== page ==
excess energy while we were at sea proved unnecessary. The lack of
space was compensated with a lot of crea vity. Swinging, swaying
and even pole-dancing; it was all possible on the boat.

A er exactly three weeks at sea we arrived at St Lucia. We were very

relieved and thankful that everything went well. Somewhat befud-
dled, we searched for the stowed-away ropes and buffers, which
we hadn’t used for so long. Friends were awai ng us on the wharf,
waving, rum punch ready for us; delicious!

In the Caribbean we visited beau ful places; each island was even
more stunning than the previous. When we arrived at Horseshoe
Reef we were speechless. It was truly more beau ful than a post-
card. We were anchored in the middle of the uninhabited Bounty
islands, in a sort of mega tropical swimming pool. There was nothing
there, but we had everything: each other and the boat. We produ-
ced our own electricity with the generator, we had cold drinks and
delicious food on board. For days we lived on the white beach and in
the light-blue water.

On the volcanic island of Dominica, a guide named Maclin took us

on a private tour. The land there is so fer le that nobody has to go
hungry. Our guide showed us where and how mango, pineapple,
papaya, dasheen, yam, grapefruit, tea, thyme and bay leaves grow.
We realized how far removed from nature we usually live. We were
invited to pick our own super fresh fruits and prepare freshly-picked

On the ny Les Saintes islands, something completely unexpected hap-

pened. In a supermarket we suddenly felt an enormous shock. Products

What is Your Dream?

fell off the shelves. Sem awoke in his stroller with a cry, and we automa-
cally huddled over the children. We realized that we had to hurry out-
side. Once there, again we felt major shocks. There was panic; everyone
walked away from the buildings while calling on their phones. Scared,
we returned to our boat. For a year we had lived mostly on the water,
where we had feared completely different dangers, but now, on land,
we experienced an earthquake (5.3 on the Richter scale). This danger
came totally unexpected. We quickly sailed on, in search of more solid
ground beneath our keel. We hope to never experience this again.

During our temporary sailor’s lives we met a surprising amount of interes-

ng people. It is very special that all sailors have me to spare. There are
no agendas, no appointments. You approach each other by dinghy (a small
rubber boat), and frequently, you come across unexpected moments of
fun. If it clicks you’ll seek each other in the next bay, and this way, you
quickly make special contacts.

Just to poke fun at stressed life in the western world: on Monday mor-
nings we had extensive ‘mee ngs’ with the crew of other boats that
were anchored nearby, while treading water. Points on the agenda:
what shall we do this a ernoon?, what is the next des na on?, a
report of radio contact with other boats, general ques ons and wha-
tever else may need to be discussed. Naturally, we closed the mee ng
with a cup of coffee on the a erdeck.

A er a year in the Caribbean and yet another long Atlan c crossing,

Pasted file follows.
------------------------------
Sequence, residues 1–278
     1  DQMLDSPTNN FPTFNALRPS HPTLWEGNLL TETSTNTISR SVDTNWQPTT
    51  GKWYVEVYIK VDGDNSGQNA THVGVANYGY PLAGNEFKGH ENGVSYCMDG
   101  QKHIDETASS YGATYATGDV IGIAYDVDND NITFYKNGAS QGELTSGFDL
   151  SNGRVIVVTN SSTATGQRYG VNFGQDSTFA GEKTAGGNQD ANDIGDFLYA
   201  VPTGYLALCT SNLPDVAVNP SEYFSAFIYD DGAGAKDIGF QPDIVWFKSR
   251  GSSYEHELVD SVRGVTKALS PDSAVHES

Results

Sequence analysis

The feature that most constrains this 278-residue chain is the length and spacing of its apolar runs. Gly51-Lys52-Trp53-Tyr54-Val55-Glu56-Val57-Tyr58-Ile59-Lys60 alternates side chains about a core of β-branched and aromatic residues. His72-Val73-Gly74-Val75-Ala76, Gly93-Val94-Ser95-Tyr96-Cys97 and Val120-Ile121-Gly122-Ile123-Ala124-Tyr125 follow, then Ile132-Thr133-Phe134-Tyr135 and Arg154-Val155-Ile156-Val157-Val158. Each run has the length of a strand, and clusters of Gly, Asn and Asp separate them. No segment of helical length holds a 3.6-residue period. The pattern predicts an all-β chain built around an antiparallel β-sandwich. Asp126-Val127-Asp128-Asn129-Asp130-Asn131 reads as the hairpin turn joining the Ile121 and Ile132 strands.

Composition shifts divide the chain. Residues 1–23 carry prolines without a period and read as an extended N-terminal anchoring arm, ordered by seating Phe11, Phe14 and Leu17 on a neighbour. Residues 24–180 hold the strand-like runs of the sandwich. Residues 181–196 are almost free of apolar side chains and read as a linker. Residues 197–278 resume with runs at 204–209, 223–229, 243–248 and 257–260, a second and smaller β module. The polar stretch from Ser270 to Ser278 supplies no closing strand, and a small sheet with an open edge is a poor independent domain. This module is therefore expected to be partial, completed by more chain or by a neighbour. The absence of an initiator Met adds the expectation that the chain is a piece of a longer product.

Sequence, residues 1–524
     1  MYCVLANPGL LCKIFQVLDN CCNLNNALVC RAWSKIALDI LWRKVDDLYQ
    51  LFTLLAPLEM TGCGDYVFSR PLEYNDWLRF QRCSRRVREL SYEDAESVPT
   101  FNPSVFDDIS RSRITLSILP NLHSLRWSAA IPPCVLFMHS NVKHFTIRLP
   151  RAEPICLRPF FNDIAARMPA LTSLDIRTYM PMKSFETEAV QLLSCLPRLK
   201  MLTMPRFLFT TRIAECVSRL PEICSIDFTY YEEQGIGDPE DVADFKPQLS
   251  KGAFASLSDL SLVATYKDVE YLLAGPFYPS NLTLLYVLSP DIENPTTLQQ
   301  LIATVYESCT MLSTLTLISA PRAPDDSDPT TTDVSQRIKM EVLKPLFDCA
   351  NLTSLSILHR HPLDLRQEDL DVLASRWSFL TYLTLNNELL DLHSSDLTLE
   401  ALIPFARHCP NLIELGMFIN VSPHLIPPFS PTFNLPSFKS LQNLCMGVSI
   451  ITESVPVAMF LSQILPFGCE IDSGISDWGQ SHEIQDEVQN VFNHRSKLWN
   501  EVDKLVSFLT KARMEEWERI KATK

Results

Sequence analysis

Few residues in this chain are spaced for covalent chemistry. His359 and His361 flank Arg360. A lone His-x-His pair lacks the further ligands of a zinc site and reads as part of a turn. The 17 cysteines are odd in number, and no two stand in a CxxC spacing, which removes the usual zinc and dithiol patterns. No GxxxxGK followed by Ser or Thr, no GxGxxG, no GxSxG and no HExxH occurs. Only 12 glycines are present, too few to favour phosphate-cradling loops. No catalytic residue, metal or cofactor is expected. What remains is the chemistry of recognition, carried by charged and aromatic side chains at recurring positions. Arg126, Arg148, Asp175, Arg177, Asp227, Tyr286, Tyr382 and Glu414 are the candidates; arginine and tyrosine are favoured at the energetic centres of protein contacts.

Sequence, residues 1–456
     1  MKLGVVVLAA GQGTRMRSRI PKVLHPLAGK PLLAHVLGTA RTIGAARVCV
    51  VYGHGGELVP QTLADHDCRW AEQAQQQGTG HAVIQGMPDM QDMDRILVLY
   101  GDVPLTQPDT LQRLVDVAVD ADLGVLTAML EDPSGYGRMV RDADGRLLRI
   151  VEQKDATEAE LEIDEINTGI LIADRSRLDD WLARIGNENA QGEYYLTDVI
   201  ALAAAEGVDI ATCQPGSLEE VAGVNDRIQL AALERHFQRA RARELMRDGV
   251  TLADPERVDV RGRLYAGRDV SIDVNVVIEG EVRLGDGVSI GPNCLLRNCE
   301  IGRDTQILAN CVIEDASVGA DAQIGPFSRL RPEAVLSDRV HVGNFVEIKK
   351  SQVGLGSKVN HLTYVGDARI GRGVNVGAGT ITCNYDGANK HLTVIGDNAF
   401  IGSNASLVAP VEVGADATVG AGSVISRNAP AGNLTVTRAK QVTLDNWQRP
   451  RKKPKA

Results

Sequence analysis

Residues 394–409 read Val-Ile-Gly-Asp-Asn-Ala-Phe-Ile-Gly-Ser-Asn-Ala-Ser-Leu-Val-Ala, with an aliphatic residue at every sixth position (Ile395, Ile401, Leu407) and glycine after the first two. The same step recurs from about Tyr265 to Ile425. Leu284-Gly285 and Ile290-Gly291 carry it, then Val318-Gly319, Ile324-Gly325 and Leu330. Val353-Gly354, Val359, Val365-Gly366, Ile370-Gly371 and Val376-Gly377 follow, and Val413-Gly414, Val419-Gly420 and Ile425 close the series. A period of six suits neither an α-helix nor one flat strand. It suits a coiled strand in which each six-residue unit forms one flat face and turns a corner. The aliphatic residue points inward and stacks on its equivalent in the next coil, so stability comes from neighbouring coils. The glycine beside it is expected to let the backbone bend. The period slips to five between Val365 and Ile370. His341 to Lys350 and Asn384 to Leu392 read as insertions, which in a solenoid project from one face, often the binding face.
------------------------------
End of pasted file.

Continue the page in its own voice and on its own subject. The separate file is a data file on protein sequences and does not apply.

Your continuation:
we were on our way back to Europe. It was me that our ght-knit
family would detach a li le. This was not easy, a er thirteen months
of doing everything with the four of us. However, Lisanne immedia-
tely wanted to sleep over at Granny and Granddad’s. Beaming, she
asked, ‘and you won’t come along?’ It was suddenly very quiet on
the boat. Lisanne also really loved the no on of going to kinderg-
arten. ‘Then you’ll drop me off and you won’t be allowed to stay,
right?’ she asked with hope. Life is hard for so hearted parents.

One morning we saw the Dutch harbor town of IJmuiden in the dis-
tance. A year ago, this was the place where friends and family waved
us goodbye, excited and uncertain about what the year would bring

The first step

us. Unbelievable that we were here, again; a year filled with posi ve
experiences behind us. To celebrate, we raised the flags of all the
countries we had visited. And there they were, our most loyal fans,
cheering on the wharf. A very emo onal moment; we were unable
to hold back our tears.

Ul mately, the trip was fantas c. We proved a strong team: of one mind,
balanced, and having a lot of fun and joy. The trip brought us new friends
and even a closer bond with ‘old’ friends and family, who were involved
and interested in us, tried, s mulated and supported us, visited us, and
were there for us when we returned home.

We have learned to seize moments of joy. When traveling, you are

quite busy 24 hours a day. Tending to the children (no babysi ers, no
grandparents around), fixing the boat (there’s always something to
repair and all sorts of normal things such as arranging for water and
electricity take more me than on land) and of course enjoying the
trip itself.

Child’s Play
Our biggest concern before our departure was the children. Would
this work out all right? Is a journey like this fit for children? We thou-
ght we probably wouldn’t come across many other small children on
other boats. Nothing is less true. Frequently there was a complete
stroller parade on the beach.

The trip really went wondrously well. Traveling with children also
gives rise to special experiences. You will look at things from a com-
pletely new perspec ve.

What is Your Dream?

Interesting things the kids said:

‘My best friend Tom lives on an island called Amsterdam.’
After returning to the Netherlands:
‘Does everyone here live in a house?’
‘When will we leave again?’

New dreams
Ever since the trip we have much more confidence in following big
and small dreams. Star ng our own business was quite a well-orga-
nized venture compared to our sailing trip. Here we would not come
across any life threats (storm, shipwrecking, and so on); we would
simply risk financial setbacks.

Meanwhile, we knew that we could easily (temporarily) live off a

small budget. And, more importantly, we had and have a firm con-
vic on that this plan, too, can succeed.

The idea for Tapas Club was formed during our travels: o en our
glass of wine was accompanied by all sorts of local bites to eat. We